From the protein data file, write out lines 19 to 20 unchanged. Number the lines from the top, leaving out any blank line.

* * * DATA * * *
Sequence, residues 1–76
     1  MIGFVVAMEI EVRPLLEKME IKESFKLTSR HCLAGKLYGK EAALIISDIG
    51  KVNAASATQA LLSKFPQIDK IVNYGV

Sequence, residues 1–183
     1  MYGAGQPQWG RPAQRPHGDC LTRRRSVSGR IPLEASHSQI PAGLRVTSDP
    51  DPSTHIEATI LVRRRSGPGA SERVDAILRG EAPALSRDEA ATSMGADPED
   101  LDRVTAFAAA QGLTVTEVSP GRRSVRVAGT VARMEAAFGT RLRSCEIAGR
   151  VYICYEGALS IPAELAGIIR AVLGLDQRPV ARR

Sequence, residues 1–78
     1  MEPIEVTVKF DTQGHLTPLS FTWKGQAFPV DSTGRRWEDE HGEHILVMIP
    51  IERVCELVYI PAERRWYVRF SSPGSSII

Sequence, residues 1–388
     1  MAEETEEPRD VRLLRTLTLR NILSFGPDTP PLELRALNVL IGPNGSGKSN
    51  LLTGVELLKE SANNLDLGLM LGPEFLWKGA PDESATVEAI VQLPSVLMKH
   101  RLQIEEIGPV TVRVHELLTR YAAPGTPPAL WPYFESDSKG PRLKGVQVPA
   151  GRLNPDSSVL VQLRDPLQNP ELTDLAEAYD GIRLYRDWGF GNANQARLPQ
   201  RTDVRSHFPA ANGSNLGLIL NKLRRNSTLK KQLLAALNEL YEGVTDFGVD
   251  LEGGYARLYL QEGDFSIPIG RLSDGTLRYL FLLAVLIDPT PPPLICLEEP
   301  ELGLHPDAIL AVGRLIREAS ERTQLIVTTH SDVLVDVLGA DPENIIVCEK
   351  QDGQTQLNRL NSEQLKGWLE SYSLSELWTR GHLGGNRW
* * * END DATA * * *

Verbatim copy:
   301  ELGLHPDAIL AVGRLIREAS ERTQLIVTTH SDVLVDVLGA DPENIIVCEK
   351  QDGQTQLNRL NSEQLKGWLE SYSLSELWTR GHLGGNRW